4. It's also a haven for drug runners ...
Paraguay is a major source of illegal narcotics for much of southern South America.
According to the UN Office on Drugs and Crime's 2010 World Drug Report, Paraguay is the world's second-largest marijuana producer after Mexico, and Ciudad del Este is a transportation hub for drugs entering and leaving South America.
Paraguay's counternarcotics agency reported last year that drug seizures in the country were up by 39 percent. Still, the nation remains susceptible to serious corruption. Those busts only account for a small portion of the illegal drugs originating in, and passing through, Paraguay,according to the United States Embassy in Asuncion.
5. ... and human traffickers ...
The U.S. State Department's 2013 Trafficking in Persons Report names Paraguay as "a source country for women and children subjected to sex trafficking, and for men, women, and children subjected to forced labor."
Ciudad del Este is a likely trafficking point, according to the U.S. Embassy.
While the Paraguayan government has made some steps toward combating human trafficking, it's still not even close to being in full compliance with global standards, the State Department says.
6. ... and even priests accused of molestation
As we've been reporting, Ciudad del Este even has problems within its churches.
In spite of numerous warnings, the city's diocese offered a top post to Carlos Urrutigoity, a priest accused of molesting young seminarians in the United States. Last month, the Vatican ordered him removed.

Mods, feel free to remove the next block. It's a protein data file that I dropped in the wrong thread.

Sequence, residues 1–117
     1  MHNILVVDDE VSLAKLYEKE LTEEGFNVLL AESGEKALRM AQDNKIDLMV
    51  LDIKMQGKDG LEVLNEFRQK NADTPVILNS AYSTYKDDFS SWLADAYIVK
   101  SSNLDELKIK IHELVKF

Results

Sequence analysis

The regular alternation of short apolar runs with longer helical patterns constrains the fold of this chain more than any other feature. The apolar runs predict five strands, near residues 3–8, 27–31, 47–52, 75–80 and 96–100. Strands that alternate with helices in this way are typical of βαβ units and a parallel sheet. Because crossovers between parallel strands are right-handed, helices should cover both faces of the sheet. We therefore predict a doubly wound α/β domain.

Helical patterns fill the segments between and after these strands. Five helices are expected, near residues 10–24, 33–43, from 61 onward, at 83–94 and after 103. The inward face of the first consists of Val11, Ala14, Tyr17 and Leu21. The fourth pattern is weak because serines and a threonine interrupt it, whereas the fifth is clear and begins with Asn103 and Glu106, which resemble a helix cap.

But that's not all. This sin city was also the last hideout for Aldo Omar Vara, an infamous former priest from Argentina who is accused of torturing prisoners during that country's dictatorship.
7. It might be home to fundraisers for radical Islamic militants ...
Numerous reports over the years have said Ciudad del Este is a bastion for extremist Islamic groups such as Hezbollah.
A 2009 book published by the RAND Corporation, Film Piracy, Organized Crime, and Terrorism, states that in 2004 a Ciudad del Este-based criminal, Assad Ahmad Barakat, was named by intelligence agencies as the key financier for Hezbollah in Latin America.
"The total value of the enterprise is difficult to estimate, but according to intelligence agencies, Barakat provided, and still provides, a large part of the $20 million sent annually from the TBA to finance Hezbollah," the book states.
That $20 million would account for about one-fifth of Hezbollah's annual budget.
8. ... though it also might not
Several media sources have built on the RAND book and other reports to paint Ciudad del Este as a terrorist hotbed.
But a May 2013 report by Al Jazeera heaped scorn on these accounts.
The Al Jazeera story accused other journalists of hysteria and of manufacturing links between Ciudad del Este and terrorism for the sake of headlines.
"A flourishing contraband industry does not indicate the presence of an Islamic terror den," wrote Belen Fernandez, a columnist and author of books such as Coffee with Hezbollah.
"Nor does potential ideological or financial support among TBA residents for Hezbollah — selectively designated as a Foreign Terrorist Organization by virtue of its effective opposition to U.S.-Israeli designs in the Middle East — suggest that the personal security of U.S. citizens is at risk."